There Are Still Places in New York Where You Can’t Build Highrises

The sales prices of residential real estate in the city, especially Brooklyn is reaching new highs. And Mayor Bill de Blasio has set a dramatic goal of increasing affordable housing over the next decade. This has some property owners in parts of the city zoned for industrial use frustrated. In some cases, they wish they could turn their buildings into residential properties. But being zoned industrial makes that close to impossible unless the zoning changes. Some want the city's planning department to step up rezoning efforts and to create a mixed-use designation in more neighborhoods that would allow for light industry on lower floors and apartments above.

Crown Heights, Brooklyn, is one of those neighborhoods. It is fast becoming one of the city's most popular residential areas. According to research from real estate investment sales company Ariel Property Advisors, Crown Heights saw more apartment building sales transactions than any other neighborhood in New York City between October 2013 and March of this year compared to the same period last year.

Industry-zoned section of Crown Heights. Janet Babin/WNYC

"There's definitely significant interest by residential tenants in the area, and naturally property owners would love to be able to rent...to these high paying tenants,"said Jonathan Berman, vice president at Ariel, who often completes sales in the area. "But zoning is what it is."

Despite the strong demand, just six blocks from the frenetic Barclays Center neighborhood, residential buildings give way to low slung garages and windowless warehouses. That's largely because a portion of the area is zoned industrial and no new residential buildings are allowed without a special permit.

Vacant Lot in Crown Heights. Janet Babin/WNYC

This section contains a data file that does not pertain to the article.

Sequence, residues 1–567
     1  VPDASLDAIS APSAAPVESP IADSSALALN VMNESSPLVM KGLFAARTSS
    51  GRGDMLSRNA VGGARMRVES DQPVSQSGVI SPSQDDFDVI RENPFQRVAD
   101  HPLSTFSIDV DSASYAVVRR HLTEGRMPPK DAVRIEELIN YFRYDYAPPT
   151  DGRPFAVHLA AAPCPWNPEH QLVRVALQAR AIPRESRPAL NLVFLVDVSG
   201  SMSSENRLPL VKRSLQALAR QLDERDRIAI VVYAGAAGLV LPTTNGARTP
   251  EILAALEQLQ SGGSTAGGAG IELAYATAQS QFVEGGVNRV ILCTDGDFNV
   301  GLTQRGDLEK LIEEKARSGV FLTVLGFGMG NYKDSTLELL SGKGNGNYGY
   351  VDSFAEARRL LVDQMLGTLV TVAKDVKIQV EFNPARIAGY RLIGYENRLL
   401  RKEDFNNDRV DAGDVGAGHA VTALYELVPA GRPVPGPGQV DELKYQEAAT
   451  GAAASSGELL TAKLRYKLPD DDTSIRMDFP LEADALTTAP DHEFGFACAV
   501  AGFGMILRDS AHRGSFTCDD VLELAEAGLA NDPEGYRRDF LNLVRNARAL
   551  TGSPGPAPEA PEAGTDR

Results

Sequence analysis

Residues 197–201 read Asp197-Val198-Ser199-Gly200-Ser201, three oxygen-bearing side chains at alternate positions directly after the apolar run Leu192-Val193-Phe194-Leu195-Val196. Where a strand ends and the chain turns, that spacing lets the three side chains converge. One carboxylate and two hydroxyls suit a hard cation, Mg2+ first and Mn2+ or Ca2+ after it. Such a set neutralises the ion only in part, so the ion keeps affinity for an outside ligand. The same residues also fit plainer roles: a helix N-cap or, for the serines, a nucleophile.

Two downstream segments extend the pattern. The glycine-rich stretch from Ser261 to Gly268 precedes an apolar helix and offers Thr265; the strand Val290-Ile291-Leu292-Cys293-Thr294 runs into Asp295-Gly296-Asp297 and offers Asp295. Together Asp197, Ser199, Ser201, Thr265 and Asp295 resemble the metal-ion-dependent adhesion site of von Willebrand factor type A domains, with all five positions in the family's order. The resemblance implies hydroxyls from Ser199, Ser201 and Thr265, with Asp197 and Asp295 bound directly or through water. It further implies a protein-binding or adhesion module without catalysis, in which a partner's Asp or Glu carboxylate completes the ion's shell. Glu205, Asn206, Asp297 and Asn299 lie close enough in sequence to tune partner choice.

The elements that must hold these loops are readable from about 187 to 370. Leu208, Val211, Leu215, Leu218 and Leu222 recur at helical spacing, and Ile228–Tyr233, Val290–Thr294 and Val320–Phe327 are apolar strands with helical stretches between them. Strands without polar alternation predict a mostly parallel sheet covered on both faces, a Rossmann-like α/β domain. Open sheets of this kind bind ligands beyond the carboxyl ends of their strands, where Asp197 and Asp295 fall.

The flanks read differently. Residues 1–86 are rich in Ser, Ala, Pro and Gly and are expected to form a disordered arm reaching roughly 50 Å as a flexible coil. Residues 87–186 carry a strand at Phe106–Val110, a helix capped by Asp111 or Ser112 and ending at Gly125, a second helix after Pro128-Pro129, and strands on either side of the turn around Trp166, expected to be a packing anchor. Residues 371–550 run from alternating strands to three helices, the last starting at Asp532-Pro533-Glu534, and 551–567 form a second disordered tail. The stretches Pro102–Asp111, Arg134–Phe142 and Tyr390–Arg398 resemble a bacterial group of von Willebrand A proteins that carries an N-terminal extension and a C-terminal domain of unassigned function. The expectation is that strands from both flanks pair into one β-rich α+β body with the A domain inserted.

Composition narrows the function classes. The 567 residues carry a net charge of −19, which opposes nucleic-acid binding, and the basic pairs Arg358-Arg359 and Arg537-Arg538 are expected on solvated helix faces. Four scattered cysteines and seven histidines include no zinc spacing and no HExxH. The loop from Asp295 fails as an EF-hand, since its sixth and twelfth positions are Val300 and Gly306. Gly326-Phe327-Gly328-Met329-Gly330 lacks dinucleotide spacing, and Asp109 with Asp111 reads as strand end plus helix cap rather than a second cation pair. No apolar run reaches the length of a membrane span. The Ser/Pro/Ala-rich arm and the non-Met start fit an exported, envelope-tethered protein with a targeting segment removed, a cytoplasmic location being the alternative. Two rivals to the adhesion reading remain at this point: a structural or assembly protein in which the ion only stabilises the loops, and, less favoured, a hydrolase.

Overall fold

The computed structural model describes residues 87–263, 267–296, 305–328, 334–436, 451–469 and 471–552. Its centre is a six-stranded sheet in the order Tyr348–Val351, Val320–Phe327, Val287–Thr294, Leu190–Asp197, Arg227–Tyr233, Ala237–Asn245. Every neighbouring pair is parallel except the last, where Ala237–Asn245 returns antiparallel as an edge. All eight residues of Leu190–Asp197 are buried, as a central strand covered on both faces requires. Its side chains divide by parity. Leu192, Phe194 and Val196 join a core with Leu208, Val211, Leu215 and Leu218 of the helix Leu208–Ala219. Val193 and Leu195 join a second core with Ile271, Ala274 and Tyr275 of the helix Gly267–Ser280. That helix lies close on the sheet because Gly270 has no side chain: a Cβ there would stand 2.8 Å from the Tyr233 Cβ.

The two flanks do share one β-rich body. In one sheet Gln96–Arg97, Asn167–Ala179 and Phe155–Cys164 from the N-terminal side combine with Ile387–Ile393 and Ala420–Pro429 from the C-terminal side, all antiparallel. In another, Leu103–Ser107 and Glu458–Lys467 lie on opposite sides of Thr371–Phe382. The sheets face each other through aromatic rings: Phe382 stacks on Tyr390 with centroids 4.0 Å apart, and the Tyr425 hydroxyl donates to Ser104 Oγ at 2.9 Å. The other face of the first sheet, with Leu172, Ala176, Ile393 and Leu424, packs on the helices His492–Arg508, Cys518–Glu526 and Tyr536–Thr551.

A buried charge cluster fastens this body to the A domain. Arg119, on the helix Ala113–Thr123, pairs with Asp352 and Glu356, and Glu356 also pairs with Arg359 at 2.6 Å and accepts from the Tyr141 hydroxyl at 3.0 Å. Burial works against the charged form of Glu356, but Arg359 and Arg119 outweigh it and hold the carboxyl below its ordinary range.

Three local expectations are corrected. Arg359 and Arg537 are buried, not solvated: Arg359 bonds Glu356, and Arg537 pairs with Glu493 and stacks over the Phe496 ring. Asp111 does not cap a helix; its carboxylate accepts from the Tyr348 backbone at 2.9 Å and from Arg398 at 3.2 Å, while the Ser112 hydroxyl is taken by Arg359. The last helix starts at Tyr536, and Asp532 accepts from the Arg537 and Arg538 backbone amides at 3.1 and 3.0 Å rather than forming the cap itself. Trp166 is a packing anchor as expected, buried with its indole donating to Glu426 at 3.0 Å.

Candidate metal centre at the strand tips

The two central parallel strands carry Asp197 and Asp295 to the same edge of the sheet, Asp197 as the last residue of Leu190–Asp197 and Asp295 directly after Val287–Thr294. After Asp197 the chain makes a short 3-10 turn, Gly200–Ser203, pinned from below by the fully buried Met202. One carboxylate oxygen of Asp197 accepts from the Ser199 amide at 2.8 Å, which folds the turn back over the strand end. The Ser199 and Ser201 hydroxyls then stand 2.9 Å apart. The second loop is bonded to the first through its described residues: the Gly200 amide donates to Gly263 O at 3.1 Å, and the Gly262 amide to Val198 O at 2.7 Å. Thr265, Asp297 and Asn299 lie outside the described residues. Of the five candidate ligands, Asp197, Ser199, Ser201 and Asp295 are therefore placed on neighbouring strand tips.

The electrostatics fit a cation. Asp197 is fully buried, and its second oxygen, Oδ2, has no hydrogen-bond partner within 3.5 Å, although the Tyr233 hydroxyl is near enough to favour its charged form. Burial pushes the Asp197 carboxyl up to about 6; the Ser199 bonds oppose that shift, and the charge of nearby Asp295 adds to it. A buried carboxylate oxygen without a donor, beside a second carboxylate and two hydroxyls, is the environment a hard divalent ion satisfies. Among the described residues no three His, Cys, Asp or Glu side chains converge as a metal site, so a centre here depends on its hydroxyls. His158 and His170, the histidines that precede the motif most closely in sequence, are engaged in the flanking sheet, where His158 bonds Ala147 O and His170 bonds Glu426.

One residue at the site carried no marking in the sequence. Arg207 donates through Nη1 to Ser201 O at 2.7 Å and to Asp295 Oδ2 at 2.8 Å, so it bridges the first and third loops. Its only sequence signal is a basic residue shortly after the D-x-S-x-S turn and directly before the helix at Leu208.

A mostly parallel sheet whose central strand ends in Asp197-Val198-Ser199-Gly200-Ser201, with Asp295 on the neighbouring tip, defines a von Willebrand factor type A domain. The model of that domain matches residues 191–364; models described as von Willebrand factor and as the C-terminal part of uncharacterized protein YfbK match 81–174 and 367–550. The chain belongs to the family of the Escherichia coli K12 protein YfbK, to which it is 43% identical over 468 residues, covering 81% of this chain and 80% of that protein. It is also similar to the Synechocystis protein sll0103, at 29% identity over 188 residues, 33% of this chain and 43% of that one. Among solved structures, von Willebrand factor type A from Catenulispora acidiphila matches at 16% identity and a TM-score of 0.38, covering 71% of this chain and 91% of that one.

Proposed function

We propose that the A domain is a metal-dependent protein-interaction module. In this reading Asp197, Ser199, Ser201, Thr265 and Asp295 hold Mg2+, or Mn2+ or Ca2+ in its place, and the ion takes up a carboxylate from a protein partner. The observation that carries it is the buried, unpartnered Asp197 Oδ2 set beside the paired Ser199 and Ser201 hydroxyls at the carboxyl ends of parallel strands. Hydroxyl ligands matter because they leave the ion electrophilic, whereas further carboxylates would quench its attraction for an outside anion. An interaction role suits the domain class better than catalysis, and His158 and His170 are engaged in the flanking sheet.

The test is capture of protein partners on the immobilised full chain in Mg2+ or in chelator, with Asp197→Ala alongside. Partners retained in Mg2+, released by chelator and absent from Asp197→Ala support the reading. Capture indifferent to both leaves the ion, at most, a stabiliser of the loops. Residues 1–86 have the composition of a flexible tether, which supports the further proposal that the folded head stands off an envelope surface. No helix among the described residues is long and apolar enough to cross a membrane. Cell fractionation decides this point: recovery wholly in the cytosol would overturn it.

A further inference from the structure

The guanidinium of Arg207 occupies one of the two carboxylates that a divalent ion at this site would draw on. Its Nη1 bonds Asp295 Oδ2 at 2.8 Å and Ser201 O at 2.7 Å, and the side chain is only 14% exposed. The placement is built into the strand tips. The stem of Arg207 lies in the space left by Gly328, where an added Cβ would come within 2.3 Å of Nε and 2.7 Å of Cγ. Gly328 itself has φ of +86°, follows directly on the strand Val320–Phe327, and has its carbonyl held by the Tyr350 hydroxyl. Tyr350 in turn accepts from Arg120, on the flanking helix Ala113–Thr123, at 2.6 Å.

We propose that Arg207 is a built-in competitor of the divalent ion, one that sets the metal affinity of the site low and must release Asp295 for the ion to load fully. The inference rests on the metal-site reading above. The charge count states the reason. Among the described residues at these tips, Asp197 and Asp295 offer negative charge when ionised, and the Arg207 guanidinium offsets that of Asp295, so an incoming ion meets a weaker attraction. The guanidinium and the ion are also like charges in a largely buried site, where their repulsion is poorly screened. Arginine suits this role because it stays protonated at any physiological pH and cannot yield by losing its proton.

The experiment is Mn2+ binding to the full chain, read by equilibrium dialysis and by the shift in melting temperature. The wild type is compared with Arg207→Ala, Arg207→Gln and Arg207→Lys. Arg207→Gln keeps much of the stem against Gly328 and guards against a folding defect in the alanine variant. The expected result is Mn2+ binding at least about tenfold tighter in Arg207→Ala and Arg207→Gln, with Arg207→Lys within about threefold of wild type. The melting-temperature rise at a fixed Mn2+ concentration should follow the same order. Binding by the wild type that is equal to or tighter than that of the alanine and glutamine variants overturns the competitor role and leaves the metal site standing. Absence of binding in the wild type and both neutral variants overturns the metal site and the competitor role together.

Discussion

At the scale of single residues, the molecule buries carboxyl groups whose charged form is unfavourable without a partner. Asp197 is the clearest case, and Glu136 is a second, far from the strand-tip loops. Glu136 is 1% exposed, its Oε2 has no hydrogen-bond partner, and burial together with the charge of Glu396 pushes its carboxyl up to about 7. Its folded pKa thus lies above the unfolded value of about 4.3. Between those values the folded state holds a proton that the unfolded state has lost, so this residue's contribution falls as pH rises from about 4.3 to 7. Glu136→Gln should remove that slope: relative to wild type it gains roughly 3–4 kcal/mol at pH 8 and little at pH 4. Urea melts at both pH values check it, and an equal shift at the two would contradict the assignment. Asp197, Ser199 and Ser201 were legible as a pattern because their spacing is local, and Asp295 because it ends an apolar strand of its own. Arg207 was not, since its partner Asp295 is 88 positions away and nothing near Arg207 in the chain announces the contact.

Historically, the area serviced freight rail lines that ran along Atlantic Avenue. Now, owners are restricted in how high they can build, often to just one story. Advocates for more construction argue the limitations are out of sync with the current needs of the neighborhood.

"In the residential zones, they're seeing a lot of development, but this area is somewhat stagnant from a development point of view," said Gib Veconi, a member of Community Board 8.

"I don’t know if the case can be made that we need light industrial,light manufacturing here," said Charles McMickens, managing director of Global Square. "Most of the space is used for storage, which isn’t I think, an optimal use for industrial space." McMickens is developing a former 7,000 square foot garage into a performance space and restaurant.

Crown Heights Industrial District. Janet Babin/WNYC 

Some area businesses want the de Blasio Administration to consider mixed-use zoning in this portion of Crown Heights that would allow for manufacturing on the lower floors of residential towers. The topic came up at a Long Island City Partnership event last month.

"I know there are ways in which we can make our city a more vertical city but also support manufacturing and industrial uses and that’s going to require engaging with innovative architecture and engineering, and having the [New York City] planning department think a little bit differently, said Alicia Glen, deputy mayor for housing and economic development.

These new industrial aspirations might steal a bit of the spotlight that's been shining on the Mayor's ambitious affordable housing goals,